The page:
Braden Holtby: We tried to figure out as best we could. As you know, everything is different this year. A different way of life in a lot of ways. I knew that, my family did, my agent did. You go with it. I let him know the places I had on my list and he found it. Luckily it was able to work out. The best of all scenarios. It’s not an experience that I think is that fun for anyone not knowing and all that. I’m excited to now have it over with and going to a great team, a great city, and move on from there.
How much different was it from what you envisioned when your contract was up?
Braden Holtby: Obviously, I didn’t really know what it was like too much. I thought probably a clearer picture early on. But the way things go on, you just really (realize) a lot was up in the air. It’s very different, but I think it’s nice to have that load off. Now you can just move on and focus on the team, the Canucks, and winning and that’s as far as it goes now.
What was the situation like with so many goalies available? Did that impact the way it went with you?
Braden Holtby: Yeah. Kinda strange. Coming into it, I didn’t really pay much attention to that, but as you got down, you realize there’s a lot of really good goalies out there. They kind of all came up at the same time. That obviously changed things with the way the market places this year. It was a lot of uncertainty but I’m really thankful that’s in the past now. It worked out perfectly.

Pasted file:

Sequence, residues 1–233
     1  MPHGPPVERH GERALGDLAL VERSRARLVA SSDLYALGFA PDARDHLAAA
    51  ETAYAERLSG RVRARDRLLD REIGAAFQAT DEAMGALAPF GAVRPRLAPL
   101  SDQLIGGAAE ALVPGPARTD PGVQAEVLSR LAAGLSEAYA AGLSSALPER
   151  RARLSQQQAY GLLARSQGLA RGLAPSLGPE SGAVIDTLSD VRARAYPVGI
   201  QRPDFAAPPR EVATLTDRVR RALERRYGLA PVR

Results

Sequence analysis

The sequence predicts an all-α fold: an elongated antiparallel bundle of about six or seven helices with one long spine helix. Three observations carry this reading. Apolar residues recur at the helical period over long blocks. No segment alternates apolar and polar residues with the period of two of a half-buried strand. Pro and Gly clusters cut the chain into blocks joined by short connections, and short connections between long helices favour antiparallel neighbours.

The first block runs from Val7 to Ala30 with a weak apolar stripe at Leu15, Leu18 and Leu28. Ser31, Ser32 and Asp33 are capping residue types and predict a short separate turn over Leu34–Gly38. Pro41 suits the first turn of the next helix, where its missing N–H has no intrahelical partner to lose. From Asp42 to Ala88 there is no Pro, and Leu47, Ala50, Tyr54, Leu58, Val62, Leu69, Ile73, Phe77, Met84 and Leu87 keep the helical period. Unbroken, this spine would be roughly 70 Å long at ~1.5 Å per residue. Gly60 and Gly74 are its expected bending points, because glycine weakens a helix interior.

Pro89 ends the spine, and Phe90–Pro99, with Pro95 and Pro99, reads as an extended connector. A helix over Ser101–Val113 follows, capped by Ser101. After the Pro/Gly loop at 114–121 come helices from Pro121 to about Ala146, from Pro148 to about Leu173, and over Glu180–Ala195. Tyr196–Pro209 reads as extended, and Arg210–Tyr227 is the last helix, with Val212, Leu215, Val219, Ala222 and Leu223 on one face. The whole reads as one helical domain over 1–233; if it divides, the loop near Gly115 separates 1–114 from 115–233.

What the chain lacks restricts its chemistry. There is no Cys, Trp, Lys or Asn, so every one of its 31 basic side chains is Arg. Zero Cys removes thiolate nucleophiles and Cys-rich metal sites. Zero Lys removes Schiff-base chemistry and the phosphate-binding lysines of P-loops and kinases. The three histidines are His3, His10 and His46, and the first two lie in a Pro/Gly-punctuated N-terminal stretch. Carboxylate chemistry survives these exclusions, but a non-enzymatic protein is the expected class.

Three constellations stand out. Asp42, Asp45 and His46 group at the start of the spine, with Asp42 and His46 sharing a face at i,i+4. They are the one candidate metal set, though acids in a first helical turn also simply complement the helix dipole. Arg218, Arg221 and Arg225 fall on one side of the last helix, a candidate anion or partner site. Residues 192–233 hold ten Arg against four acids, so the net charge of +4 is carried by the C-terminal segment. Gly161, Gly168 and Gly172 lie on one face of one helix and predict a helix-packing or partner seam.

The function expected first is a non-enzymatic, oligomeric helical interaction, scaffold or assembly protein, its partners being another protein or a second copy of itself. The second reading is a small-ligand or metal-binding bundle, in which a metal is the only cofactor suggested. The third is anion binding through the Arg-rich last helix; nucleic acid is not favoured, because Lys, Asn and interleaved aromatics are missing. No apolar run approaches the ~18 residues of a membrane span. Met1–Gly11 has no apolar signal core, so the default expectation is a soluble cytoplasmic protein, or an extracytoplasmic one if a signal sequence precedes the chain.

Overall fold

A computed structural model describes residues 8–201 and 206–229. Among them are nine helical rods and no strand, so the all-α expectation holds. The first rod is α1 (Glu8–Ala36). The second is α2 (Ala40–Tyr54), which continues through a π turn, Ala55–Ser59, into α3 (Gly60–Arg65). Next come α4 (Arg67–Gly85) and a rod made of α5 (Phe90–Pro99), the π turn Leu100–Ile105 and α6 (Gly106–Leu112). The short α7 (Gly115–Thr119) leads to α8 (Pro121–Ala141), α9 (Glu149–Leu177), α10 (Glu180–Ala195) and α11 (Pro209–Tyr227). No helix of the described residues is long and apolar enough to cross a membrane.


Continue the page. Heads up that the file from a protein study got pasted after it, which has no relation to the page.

Did you consider the mesh of your playing style with how the team defends when signing?
Braden Holtby: It does and doesn’t, I guess. With the fact that you try to know your strength, that’s one of the most important things of having success is knowing yourself. I’m a guy that believes in hard work and competitiveness and a hard style of hockey. You see a lot of the players on the Canucks and I think that fits right into that mold. I just want to bring what I can contribute to that part to help win and have success. From an outsider looking in, I think it’s going to be a great fit. I’m really excited to get after it.
Do you leave Washington with satisfaction with everything you were able to accomplish?
Braden Holtby: I think that’s a good question. I think so. We accomplished what we wanted to do there. We won a championship and I think that’s nothing you can ever take away. It was very important to that city and that organization and my time there that we did it, we accomplished what we wanted to. This year coming up it’s time to move that drive and that energy into new things. That’s why it was very important to find a team that has that same chance and same structure of an organization. A team that can win. That’s what you play for. That’s the opportunity that we have in Vancouver. It’s very exciting to me.
Did the pandemic make you strongly consider playing in Canada over the US?
Braden Holtby: I don’t know if it played too much into it. I don’t think myself or my family is one to run from uncertainty be it outside of hockey or anything. In saying that, Canada’s home. That’s just the way it is. If not all, most Canadians feel that way. That’s exciting. You always want to play in Canada as a hockey player. I don’t think it played too much into our decision whether it’s north or south of the border. It was about the team and the opportunity.
The last 15 years, the goaltending in Vancouver is very good. You’re replacing Jacob Markstrom who was the Team MVP over the last few years. How did that effect your thought process?
Braden Holtby: It doesn’t play into my thoughts too much. I’ve never really been one to compare myself to other goaltenders. I compare myself to whether we win or lose. The goal is to win. That’s not about a goaltender and not about any individuals. It’s about the team finding a way to do that and my focus is on myself is using the talents I have and what I feel like I bring to a team to accomplish that goal. It’s living in the moment now and try to accomplish what we want to do.
Screenshot courtesy of Vancouver Canucks